goodwill

noun good·will \ ˌgu̇d-ˈwil \
Updated on: 13 Oct 2017

Definition of goodwill

1 a :a kindly feeling of approval and support :benevolent interest or concern
  • people of goodwill
b (1) :the favor or advantage that a business has acquired especially through its brands and its good reputation
(2) :the value of projected earnings increases of a business especially as part of its purchase price
(3) :the excess of the purchase price of a company over its book value which represents the value of goodwill as an intangible asset for accounting purposes
2 a :cheerful consent
  • accepted the terms of the contract with goodwill
b :willing effort

good-willed

play \ˌgu̇d-ˈwild\ or less commonly goodwilled adjective

Examples of goodwill in a Sentence

  1. She has goodwill toward all her coworkers.

  2. They allowed him to keep the extra money as a gesture of goodwill.

Recent Examples of goodwill from the Web

These example sentences are selected automatically from various online news sources to reflect current usage of the word 'goodwill.' Views expressed in the examples do not represent the opinion of Merriam-Webster or its editors. Send us feedback.

First Known Use of goodwill

before 12th century


Financial Definition of GOODWILL

goodwill

What It Is

Goodwill is the excess of purchase price over the fair market value of a company's identifiable assets and liabilities.

How It Works

Goodwill is created when one company acquires another for a price higher than the fair market value of its assets; for example, if Company A buys Company B for more than the fair value of Company B's assets and debts, the amount left over is listed on Company A's balance sheet as goodwill.

The account for goodwill is located in the assets section of a company’s balance sheet. It is an intangible asset, as opposed to physical assets like buildings and equipment.

Goodwill is an accounting construct that is required under Generally Accepted Accounting Principles (GAAP). The concept can be best illustrated with an example:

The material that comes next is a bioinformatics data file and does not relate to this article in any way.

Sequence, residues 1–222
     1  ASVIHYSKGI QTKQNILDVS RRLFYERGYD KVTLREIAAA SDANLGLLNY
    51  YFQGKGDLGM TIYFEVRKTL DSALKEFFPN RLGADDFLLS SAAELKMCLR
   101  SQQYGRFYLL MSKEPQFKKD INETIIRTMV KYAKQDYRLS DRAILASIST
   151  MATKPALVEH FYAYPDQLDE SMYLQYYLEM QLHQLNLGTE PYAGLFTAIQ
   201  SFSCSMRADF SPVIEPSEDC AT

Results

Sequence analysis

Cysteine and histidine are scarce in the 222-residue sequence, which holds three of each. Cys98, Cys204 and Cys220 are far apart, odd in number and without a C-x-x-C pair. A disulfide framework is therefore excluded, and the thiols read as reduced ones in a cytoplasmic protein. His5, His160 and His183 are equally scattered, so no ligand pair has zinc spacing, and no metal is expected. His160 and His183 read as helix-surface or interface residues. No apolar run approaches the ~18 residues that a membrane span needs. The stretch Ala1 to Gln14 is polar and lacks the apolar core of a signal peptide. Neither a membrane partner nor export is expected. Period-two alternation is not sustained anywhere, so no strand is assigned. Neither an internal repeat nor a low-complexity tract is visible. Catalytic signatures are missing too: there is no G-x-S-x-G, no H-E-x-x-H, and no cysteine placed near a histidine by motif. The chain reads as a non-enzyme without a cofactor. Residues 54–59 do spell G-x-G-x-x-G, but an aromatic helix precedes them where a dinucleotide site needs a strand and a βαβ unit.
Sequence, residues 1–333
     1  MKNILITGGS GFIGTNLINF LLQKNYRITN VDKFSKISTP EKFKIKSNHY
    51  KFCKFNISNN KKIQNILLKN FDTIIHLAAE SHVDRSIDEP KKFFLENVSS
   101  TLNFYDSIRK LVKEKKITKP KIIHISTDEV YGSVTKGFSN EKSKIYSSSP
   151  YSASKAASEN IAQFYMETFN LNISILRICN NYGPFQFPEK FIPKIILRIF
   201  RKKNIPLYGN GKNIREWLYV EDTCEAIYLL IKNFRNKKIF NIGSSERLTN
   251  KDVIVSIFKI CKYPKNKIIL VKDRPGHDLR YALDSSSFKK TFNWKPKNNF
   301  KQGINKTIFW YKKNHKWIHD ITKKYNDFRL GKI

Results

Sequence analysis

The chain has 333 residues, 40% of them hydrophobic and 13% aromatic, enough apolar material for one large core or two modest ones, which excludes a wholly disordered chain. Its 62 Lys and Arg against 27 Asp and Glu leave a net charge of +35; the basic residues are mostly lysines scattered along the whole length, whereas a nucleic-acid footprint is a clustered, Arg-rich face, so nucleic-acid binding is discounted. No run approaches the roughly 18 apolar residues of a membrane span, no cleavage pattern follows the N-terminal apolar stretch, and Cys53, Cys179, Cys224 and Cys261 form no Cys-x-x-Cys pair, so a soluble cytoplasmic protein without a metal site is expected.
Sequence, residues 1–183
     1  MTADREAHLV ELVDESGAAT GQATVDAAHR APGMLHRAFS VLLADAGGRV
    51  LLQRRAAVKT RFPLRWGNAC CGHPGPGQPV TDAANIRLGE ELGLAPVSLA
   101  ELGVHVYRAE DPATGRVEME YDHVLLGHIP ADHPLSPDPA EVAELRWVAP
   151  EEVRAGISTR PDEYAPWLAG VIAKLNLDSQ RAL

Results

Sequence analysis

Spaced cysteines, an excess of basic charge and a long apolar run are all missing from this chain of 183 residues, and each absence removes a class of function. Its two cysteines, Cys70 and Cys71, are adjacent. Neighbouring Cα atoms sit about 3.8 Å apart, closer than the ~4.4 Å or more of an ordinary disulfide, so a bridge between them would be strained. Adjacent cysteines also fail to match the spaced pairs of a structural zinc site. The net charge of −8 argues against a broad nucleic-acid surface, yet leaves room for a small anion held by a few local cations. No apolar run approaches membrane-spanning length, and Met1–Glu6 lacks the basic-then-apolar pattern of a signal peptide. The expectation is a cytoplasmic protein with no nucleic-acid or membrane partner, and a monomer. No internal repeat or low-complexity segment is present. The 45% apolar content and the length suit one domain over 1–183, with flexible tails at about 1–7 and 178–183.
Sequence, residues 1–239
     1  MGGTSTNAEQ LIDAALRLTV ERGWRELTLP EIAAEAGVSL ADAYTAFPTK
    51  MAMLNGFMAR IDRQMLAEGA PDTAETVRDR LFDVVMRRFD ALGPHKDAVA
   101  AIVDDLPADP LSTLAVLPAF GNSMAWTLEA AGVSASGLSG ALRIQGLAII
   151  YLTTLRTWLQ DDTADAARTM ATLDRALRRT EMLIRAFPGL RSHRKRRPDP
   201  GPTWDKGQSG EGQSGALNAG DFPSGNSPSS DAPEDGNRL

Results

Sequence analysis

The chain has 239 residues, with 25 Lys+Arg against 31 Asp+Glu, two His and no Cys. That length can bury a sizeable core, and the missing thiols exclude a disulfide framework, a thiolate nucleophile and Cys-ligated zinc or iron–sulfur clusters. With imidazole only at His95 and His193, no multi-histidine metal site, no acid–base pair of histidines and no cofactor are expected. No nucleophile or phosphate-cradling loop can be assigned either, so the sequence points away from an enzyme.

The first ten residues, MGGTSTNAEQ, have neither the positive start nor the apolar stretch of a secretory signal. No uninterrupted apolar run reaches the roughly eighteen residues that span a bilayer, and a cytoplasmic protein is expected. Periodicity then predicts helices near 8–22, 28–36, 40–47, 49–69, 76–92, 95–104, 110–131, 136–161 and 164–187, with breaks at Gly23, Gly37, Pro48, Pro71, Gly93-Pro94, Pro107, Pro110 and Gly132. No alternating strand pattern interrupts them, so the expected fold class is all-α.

Assume that Company ABC wants to acquire Company XYZ. ABC purchases all of the outstanding stock of XYZ for $8,000,000. On the acquisition date, Company XYZ lists the following assets and liabilities:

An appraisal estimates the fair market value (FMV) of the PP&E at $7 million. The book value of all the other assets and liabilities is equal to FMV.

The fair value of XYZ's assets and liabilities is $2,000,000 + $7,000,000 - $4,000,000 = $5,000,000. We leave out the goodwill listed on XYZ's balance sheet because it's not a real asset being purchased by ABC -- it's an accounting construct XYZ was required to list pursuant to a prior acquisition.

ABC paid $8,000,000 for the stock, so on its next balance sheet, ABC will list an account called Goodwill that will have a value of $3,000,000.

The stock of many well-known companies is worth more than the value of their assets. To cite notable examples, the majority of Coca-Cola's share value is not in its brick-and-mortar bottling plants, but instead in the brand name and "secret formula" of its storied soft drink brand.

Why It Matters

Even though goodwill is listed as an asset, it can't be bought or sold. Many analysts prefer to not consider it when they are examining a firm's assets. One commonly used measure is "tangible book value," which excludes non-cash balance sheet items like goodwill and amortization.

The appropriate value of goodwill is very hard to define. It is possible for an acquiring company to pay too much for the acquiree, and if the acquired net assets fall in value, the acquiring company must write them down (a process called "impairment"). Impairment charges flow to the income statement, and will negatively affect EPS and the firm's stock price.



GOODWILL Defined for English Language Learners

goodwill

noun

Definition of goodwill for English Language Learners

  • : a kind, helpful, or friendly feeling or attitude

  • business : the amount of value that a company's good reputation adds to its overall value


GOODWILL Defined for Kids

goodwill

noun good·will \ ˈgu̇d-ˈwil \

Definition of goodwill for Students

:kind feelings or attitude

Law Dictionary

goodwill

noun good·will \ ˈgu̇d-ˌwil \

legal Definition of goodwill

1 :an intangible asset that is made up of the favor or prestige which a business has acquired beyond the mere value of what it sells due to the personality or experience of those conducting it, their reputation for skill or dependability, the business's location, or any other circumstance incidental to the business that tends to draw and retain customers
2 a :the value of projected increases in the earnings of a business especially as part of its purchase price
b :the excess of the purchase price of a business above the value assigned for tax purposes to its other net assets
Note: The Internal Revenue Code requires the purchaser of a business to allocate the purchase price among the various types of assets. Frequently the purchase price is greater than the sum of the values of the individual assets. The excess is labeled goodwill. Because of its indefinite life, goodwill is not amortizable as an asset. The purchaser will therefore usually try to keep the allocation to goodwill as small as possible.


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